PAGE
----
I’ve had my fair share of injuries over the years as a result of playing competitively in various sports, but it was only when I started rowing that the gravity of potential injuries became apparent. Miss a session? My rowing career, and therefore life, is over! The thought of missing an outing at rowing could be likened to the ultimate end-time scenario. And thoughts, as I’ve come to discover, are very powerful things. Sitting on the sidelines while everyone else is training, getting faster than me, lifting heavier weights than me, taking my seat, can mentally take it’s toll.
Which leads rowers, and athletes in similar high-intensity sports, down a slippery mental slope, questioning the authenticity of injury. Is my rib sore? I think it might be sore. We’ve only just rowed off, I can’t say anything now. I’ll loosen my grip…something is still not right. Coach: “Good flat water here we can start the pieces. How’s everyone doing?” “Great, ready to go.” Why did I say that? Why didn’t I say anything? The inner turmoil in an athlete’s mind can cause more harm than the injury itself. Paddling off knowing deep down that you are about to hurt yourself in the wrong way is not pleasant. And the thoughts of stopping, admitting injury (defeat? weakness?), and having to sit there awkwardly keeping your blade out of the way and absorbing the now jolting rhythm of the boat in your inactive freezing body as your crew mates haul you back to the shore, is plainly unthinkable. There will be no paddle of shame for me!
Maybe I was just particularly naive and unable to see the bigger picture. I wanted to be good at rowing NOW! I wanted to win NOW! Consumed by the thought that if it comes down to the line in a selection scenario I don’t want to have consciously put the words ‘injured’ into the coaches’ minds. Why would I choose to sign my own death warrant? It will fine, it will get better. But in a sport like rowing when training is multiple times a day, seemingly a trillion times a week, there is little time for the body to recover, and zero time for the mind. With this volume of training injuries are inevitable and sometimes unavoidable, but that doesn’t mean you shouldn’t prepare your body and mind in the best possible way to eradicate some of those ‘what if’ thoughts when you find yourself sidelined. Mobility, yoga, mindfulness – these are all weapons every athlete needs in their arsenal.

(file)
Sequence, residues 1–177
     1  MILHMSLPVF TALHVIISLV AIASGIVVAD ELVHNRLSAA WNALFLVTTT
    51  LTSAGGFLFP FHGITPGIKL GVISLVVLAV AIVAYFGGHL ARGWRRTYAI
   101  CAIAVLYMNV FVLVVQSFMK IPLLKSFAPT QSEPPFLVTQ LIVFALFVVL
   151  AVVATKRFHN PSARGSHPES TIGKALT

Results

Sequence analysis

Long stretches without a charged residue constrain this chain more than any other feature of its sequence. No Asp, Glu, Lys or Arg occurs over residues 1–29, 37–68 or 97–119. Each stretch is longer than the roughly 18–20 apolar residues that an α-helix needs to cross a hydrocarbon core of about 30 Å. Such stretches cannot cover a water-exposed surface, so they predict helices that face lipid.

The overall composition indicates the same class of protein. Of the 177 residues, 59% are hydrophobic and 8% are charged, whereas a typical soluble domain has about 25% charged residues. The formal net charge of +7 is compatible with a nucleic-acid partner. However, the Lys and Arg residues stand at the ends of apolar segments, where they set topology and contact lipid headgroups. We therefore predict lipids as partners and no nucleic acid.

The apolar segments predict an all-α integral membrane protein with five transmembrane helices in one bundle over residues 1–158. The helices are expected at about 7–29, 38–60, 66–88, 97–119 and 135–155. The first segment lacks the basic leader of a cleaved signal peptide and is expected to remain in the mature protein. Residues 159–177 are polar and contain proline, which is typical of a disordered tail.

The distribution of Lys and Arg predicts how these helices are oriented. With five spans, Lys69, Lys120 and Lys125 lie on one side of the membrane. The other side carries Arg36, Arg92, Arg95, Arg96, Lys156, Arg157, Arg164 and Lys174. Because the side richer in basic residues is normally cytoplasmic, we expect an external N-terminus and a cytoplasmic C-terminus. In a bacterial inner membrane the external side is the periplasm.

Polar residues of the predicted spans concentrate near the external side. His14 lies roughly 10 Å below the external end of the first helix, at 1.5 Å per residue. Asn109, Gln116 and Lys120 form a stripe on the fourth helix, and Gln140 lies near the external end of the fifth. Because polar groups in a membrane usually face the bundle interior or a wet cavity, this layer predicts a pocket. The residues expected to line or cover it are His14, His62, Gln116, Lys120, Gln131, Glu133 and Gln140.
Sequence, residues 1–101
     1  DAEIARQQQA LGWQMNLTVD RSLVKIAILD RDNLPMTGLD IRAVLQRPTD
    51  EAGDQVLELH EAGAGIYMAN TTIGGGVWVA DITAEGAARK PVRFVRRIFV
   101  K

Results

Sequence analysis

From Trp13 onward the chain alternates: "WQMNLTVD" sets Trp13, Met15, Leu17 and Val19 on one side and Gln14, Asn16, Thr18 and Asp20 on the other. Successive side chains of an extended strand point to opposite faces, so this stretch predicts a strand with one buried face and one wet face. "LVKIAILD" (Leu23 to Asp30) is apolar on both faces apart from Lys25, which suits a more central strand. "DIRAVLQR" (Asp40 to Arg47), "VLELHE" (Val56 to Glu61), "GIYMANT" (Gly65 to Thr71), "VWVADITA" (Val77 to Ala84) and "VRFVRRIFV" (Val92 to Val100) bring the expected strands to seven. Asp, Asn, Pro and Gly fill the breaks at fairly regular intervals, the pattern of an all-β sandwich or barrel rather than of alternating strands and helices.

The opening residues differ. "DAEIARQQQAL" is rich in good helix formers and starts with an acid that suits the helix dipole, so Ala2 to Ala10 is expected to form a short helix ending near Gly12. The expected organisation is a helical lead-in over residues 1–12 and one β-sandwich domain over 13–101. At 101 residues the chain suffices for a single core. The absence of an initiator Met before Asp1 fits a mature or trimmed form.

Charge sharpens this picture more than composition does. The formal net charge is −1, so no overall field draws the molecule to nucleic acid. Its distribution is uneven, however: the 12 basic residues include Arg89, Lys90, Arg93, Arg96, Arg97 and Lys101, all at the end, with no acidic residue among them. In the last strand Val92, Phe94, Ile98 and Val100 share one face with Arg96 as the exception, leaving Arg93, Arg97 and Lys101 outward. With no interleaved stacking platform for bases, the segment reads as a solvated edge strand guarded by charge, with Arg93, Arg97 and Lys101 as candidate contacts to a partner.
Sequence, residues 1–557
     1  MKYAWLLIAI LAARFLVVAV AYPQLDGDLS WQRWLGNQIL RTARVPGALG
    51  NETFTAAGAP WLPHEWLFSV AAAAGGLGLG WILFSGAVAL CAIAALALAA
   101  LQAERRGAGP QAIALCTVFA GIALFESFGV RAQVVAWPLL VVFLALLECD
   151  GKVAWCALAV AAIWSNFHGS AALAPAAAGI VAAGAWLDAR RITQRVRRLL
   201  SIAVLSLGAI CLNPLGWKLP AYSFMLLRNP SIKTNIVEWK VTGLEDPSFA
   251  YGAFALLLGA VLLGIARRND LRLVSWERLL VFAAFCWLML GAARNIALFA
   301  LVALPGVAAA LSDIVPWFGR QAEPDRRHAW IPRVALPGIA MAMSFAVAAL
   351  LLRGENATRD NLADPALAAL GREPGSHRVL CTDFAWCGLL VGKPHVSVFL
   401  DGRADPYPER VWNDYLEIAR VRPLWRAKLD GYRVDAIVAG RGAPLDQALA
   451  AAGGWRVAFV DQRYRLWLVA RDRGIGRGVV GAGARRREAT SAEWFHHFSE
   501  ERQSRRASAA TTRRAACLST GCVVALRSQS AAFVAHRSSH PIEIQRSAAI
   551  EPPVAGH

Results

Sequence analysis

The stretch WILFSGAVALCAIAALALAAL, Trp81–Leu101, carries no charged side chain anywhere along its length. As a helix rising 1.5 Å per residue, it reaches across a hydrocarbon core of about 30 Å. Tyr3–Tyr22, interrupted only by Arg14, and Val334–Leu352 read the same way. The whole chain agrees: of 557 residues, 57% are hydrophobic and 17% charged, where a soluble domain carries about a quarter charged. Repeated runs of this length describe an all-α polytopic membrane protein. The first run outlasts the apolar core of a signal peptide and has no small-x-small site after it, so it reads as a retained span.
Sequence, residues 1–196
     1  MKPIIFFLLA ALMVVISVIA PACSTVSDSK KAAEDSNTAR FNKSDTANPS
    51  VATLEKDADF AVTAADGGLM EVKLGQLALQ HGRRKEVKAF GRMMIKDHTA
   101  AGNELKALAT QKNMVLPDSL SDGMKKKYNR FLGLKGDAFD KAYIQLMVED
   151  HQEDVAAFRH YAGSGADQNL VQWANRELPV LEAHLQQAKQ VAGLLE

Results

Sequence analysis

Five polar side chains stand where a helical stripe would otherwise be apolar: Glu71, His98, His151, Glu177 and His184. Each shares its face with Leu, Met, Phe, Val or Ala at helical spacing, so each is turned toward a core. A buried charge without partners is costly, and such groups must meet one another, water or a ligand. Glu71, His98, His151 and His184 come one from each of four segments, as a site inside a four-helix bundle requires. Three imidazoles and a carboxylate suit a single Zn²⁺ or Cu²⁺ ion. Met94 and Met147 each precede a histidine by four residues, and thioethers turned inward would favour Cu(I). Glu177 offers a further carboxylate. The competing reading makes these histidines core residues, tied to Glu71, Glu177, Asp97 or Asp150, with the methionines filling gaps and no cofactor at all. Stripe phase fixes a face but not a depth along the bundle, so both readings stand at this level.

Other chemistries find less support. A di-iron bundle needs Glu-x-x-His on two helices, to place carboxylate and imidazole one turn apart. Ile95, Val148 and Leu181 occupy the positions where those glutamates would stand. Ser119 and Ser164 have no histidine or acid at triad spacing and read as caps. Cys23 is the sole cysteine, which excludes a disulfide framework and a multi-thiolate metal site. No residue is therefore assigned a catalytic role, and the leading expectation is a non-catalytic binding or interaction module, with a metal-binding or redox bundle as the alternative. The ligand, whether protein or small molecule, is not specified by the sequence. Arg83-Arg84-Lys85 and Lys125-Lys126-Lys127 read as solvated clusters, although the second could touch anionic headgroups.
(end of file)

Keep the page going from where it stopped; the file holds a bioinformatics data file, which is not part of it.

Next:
I have been rowing on the Thames Tideway for nearly a decade. I’ve had many personal accomplishments and will never tire of getting in a boat, but work commitments meant I didn’t have the time to train at certain times of the day and couldn’t fully commit to the season. I joined a CrossFit box which I heard combined a strong training ethic with a good sense of community. It was here that everything clicked into place. CrossFit aims to provide athletes with optimum physical competence and their training program covers multiple general physical skills: cardiovascular and respiratory endurance, stamina, strength, flexibility, power, speed, coordination, agility, balance and accuracy. Personal weaknesses and strengths are immediately apparent – but it doesn’t matter where you fall on the spectrum of skill as every movement is scalable, and you only progress when you can master the basics. Each hour long class includes some component of mobility in preparation for the movements ahead – and therein was my revelation.
Mobility was something I had never considered as something that could make me faster, more robust, more efficient, better. A couple of minutes mobilising before a workout and within a few weeks I couldn’t believe the changes. I could squat all the way to the floor and do weighted overhead squats replacing my 5 x 5 @ stick kg with an actual number! A whole new realm of training opened up because my range of motion was improving. A yoga class started up in the club and I wholeheartedly embraced it. The intensity of CrossFit combined with the serenity of yoga was the balance I needed. We were all crossfitters and all focused on our own improvements. If your forward fold looks more like a lean than a fold then great, that’s where your journey starts! An hour of stretching out the body and thinking about nothing during final relaxation is glorious, and has helped me to appreciate the bigger picture.